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Resources for fire, EMS and hazardous materials responses in rural areas often are limited by community size, personnel availability and distances between communities. Hazmat response, being a much more specialized resource in terms of amounts of training required and equipment necessary to handle an incident, are much more limited in many cases in rural areas than fire and EMS resources.
Hazardous materials exposures, on the other hand, are not limited. In fact, hazardous chemicals may be present in much greater quantities in rural areas than in many larger communities with adequate response resources. Even the smallest rural communities may have exposures from agricultural pesticides, anhydrous ammonia, propane, petroleum products and other hazardous materials. Ethanol manufacturing plants are springing up across the country in rural areas, creating large volumes of flammable ethanol in fixed storage and rail transportation, in particular.
Throughout the state, there are 12 hazardous materials teams from paid departments that can be activated by the Nebraska Emergency Management Agency (www.nema.ne.gov). At such times, teams are placed on the state payroll to respond to incidents anywhere in Nebraska, including rural areas. One of those teams is in Grand Island.
Despite the name, Grand Island is not surrounded by water. Rather, it is in central Nebraska, 74 miles from the geographical center of the state and 77 miles from the geographical center of the lower 48 states. Grand Island has a population of 48,500 and covers 27 square miles. In 2010, the Nebraska State Fair was moved from Lincoln to Fonner Park, a horse-racing track and casino in Grand Island, so the community’s population can easily soar above 100,000 during the fair and other events. Grand Island is also the county seat for Hall County and home to the Stuhr Museum of the Prairie Pioneer, Heartland Events Center and Nebraska Danger Arena Football team. Grand Island also hosts many agricultural and livestock events.
The Early Days
Volunteer fire protection in Grand Island was organized in 1874 with the first fire company, followed several months later by the first ladder company. By 1876, membership grew to 25. In 1908, equipment consisted of hand-drawn hose carts, a ladder wagon and a hand-operated pump that took water from cisterns. In 1909, the first horse-drawn mechanical truck was purchased. The first motorized fire apparatus, a chemical hose truck, was purchased in 1913 for $4,150. Volunteers staffed the Grand Island Fire Department until 1921, when the department became fully paid. Today’s Grand Island Fire Department is led by Chief Troy Hughes and staffed by 68 uniformed personnel. Grand Island firefighters operate from four stations, using four engines, a truck, a heavy rescue, three medic units and a hazardous materials trailer. The department responded to 4,355 calls for service in 2010. Of those, 3,674 were EMS, 625 were fires and 56 were hazmat responses, including fuel spills, gas odors and leaks.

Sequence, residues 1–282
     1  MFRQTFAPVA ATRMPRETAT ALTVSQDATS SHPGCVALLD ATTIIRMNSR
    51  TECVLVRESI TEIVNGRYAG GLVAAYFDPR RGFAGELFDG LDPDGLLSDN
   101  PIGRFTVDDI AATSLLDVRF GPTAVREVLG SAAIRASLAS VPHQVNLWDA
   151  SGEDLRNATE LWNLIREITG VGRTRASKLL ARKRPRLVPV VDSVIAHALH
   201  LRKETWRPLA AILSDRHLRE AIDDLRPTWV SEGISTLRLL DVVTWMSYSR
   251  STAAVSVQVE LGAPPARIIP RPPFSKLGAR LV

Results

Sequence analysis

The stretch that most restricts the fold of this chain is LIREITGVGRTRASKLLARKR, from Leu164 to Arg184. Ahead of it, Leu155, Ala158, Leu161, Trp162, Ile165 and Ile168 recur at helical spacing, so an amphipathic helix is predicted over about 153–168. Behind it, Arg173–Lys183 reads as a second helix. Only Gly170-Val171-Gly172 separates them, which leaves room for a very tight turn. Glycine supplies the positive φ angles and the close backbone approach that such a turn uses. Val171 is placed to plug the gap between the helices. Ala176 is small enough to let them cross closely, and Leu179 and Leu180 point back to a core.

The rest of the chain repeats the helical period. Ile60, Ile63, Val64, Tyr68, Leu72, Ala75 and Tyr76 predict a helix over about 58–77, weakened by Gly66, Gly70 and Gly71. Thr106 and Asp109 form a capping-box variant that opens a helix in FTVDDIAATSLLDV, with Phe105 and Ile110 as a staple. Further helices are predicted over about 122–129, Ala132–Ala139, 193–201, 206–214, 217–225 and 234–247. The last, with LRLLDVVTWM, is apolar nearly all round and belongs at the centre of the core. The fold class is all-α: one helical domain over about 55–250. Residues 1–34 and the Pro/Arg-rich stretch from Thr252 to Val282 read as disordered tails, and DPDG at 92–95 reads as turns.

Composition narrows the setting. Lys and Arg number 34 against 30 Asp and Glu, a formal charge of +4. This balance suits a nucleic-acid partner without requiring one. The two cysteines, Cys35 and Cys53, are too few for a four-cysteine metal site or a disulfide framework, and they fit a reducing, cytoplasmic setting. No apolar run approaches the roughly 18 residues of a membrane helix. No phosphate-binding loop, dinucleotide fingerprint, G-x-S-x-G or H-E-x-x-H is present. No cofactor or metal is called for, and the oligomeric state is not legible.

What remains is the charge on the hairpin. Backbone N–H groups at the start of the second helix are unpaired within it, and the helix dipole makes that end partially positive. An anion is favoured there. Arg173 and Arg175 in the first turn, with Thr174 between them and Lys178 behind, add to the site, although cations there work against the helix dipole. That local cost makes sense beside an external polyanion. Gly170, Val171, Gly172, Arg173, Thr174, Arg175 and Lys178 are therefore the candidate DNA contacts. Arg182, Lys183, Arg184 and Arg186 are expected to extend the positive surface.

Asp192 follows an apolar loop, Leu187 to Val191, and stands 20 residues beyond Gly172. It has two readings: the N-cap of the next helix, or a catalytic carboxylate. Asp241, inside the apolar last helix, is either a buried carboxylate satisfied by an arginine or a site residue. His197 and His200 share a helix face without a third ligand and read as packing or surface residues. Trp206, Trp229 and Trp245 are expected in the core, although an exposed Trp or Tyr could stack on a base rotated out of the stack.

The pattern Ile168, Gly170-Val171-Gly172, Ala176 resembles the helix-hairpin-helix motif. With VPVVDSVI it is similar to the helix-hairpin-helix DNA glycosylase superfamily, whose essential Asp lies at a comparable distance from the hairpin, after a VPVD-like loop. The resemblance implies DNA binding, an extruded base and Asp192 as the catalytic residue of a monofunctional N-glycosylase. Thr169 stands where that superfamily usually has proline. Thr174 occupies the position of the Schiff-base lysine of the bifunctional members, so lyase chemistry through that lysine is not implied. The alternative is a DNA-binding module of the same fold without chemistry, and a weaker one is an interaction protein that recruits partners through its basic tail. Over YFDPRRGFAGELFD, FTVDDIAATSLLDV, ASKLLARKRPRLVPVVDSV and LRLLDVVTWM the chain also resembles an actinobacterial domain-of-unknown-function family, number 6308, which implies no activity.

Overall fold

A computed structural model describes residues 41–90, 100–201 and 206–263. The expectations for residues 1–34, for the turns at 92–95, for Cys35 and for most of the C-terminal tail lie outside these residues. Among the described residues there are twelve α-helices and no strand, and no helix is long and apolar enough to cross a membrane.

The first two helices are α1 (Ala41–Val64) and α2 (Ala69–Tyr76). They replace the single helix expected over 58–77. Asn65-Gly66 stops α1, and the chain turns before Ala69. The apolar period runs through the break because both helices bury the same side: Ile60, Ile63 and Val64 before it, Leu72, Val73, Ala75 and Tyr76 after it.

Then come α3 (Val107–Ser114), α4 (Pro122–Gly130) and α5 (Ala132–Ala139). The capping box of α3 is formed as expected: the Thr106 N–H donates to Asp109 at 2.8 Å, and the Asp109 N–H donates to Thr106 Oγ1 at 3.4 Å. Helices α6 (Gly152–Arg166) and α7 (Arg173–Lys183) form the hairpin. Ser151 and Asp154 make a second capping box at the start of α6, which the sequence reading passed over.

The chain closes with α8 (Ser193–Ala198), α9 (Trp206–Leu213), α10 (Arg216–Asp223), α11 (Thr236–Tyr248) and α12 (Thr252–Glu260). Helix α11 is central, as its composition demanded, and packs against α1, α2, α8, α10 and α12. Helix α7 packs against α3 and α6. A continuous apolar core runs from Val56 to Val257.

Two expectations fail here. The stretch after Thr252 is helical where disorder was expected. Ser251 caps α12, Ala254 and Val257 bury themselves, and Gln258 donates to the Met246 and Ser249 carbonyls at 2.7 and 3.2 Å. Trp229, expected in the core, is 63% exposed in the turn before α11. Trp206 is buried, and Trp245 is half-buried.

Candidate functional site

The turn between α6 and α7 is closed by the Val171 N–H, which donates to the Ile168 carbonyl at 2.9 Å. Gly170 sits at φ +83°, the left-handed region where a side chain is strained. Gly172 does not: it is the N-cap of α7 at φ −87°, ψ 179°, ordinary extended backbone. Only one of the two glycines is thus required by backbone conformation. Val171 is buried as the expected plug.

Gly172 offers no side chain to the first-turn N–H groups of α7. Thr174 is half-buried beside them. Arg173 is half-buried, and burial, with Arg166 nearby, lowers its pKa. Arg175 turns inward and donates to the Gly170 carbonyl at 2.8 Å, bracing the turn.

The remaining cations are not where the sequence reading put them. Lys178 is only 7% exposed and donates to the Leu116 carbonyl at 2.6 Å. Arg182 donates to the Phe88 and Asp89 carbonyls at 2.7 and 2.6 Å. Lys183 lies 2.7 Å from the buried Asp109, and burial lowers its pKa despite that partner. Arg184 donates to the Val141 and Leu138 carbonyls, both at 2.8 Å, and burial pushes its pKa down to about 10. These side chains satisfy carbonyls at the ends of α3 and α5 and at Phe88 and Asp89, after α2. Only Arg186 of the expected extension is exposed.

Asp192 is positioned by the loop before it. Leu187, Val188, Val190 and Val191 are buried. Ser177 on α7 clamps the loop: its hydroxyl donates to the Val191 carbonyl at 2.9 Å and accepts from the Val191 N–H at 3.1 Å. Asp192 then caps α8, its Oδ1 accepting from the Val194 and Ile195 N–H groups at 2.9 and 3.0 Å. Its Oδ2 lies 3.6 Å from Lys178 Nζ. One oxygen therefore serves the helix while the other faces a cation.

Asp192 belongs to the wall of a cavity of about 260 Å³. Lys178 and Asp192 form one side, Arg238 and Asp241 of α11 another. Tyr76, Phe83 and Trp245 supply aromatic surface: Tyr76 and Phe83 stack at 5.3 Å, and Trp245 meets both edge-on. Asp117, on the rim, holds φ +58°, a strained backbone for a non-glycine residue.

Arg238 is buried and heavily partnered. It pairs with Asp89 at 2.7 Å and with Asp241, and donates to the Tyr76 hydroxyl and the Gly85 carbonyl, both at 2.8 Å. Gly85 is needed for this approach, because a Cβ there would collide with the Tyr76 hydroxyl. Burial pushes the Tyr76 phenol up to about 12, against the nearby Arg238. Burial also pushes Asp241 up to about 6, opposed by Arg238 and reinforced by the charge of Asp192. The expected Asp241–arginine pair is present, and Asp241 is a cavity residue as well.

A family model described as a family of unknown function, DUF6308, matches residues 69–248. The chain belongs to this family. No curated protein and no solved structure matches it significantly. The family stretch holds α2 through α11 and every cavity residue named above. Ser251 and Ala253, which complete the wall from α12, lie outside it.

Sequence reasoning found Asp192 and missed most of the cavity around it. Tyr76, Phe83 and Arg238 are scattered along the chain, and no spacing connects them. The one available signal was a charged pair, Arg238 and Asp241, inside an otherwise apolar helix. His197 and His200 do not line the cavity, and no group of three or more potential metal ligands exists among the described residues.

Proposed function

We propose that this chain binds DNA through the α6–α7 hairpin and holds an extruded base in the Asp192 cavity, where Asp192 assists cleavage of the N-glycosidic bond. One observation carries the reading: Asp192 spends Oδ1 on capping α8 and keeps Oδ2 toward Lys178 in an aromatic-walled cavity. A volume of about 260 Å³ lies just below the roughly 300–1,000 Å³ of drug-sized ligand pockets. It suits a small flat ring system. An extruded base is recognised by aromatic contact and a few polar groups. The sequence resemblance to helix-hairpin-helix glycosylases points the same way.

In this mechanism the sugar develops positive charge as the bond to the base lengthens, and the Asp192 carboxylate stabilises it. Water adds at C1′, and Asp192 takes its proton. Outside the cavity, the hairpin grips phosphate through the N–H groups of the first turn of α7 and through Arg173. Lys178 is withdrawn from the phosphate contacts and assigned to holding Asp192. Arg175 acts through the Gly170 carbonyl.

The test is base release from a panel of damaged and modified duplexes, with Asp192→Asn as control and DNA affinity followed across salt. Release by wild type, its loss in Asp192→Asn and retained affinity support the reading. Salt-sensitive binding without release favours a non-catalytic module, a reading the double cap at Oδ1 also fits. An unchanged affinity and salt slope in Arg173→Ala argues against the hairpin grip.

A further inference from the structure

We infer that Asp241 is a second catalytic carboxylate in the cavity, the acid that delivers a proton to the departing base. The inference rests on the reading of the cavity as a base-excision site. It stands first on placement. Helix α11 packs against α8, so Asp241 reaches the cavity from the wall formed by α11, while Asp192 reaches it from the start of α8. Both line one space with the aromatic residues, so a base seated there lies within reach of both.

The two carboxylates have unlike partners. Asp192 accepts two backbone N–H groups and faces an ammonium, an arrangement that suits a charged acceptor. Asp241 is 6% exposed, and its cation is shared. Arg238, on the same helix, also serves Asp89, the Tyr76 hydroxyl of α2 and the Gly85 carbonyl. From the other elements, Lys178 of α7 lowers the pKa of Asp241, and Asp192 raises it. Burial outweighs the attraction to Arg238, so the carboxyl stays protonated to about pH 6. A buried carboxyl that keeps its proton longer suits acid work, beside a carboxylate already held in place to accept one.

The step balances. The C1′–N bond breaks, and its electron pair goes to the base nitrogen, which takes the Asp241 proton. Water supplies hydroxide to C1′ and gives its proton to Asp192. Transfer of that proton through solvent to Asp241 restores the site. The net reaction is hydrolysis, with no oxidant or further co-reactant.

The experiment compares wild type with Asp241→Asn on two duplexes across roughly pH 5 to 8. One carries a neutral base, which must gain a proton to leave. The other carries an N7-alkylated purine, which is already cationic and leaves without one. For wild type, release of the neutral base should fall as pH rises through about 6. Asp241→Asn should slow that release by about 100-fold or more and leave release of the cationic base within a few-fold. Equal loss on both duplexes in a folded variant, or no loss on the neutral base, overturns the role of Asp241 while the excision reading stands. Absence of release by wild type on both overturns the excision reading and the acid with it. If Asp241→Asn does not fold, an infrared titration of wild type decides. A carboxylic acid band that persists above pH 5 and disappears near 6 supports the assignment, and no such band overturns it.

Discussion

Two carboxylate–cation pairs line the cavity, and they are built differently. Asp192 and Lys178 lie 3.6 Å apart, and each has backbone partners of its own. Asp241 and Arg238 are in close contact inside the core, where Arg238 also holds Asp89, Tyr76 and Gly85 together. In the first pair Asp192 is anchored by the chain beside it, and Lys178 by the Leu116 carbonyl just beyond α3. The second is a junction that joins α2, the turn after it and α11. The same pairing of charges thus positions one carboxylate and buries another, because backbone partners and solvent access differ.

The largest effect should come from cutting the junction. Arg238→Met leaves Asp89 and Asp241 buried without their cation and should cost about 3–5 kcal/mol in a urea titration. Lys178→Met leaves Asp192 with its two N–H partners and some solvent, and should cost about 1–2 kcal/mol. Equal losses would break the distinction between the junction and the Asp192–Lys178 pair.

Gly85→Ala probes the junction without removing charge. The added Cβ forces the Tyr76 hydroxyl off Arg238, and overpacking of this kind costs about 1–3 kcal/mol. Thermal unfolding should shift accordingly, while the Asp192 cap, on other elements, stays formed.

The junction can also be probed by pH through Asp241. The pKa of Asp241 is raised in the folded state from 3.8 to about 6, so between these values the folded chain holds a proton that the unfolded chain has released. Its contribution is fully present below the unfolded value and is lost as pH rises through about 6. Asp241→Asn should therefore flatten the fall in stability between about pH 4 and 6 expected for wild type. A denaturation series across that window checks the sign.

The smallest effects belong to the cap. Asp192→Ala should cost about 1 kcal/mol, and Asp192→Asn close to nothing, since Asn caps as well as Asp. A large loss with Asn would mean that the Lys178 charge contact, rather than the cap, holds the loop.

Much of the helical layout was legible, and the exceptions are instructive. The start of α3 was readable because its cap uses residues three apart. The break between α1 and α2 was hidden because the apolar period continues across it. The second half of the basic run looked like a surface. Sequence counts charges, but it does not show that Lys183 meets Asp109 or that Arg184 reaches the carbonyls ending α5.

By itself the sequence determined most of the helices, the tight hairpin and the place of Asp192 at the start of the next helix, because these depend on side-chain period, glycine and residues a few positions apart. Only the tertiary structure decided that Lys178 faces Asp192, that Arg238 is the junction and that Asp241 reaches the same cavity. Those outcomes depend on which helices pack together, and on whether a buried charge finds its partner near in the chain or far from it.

Grand Island formed its Hazardous Materials Response Team in 1985. The team’s first response vehicle was a converted United Parcel Service delivery van that was donated to the fire department. The primary response area is Hall County, plus approximately 800 square miles through mutual aid agreements with area fire departments. Additionally, the team may be activated by the state Emergency Management Agency and respond as needed.
Following the 9/11 terrorist attacks, Grand Island’s team became a part of the State of Nebraska response team. When called on for a state activation, the team may page additional off-duty technicians to assist in the response. Grand Island’s team is not dedicated and personnel from Engine 4 and Medic 4 staff the response trailer when a hazmat incident occurs. Three to five hazmat technicians are on duty each shift and additional personnel are called back to duty when necessary.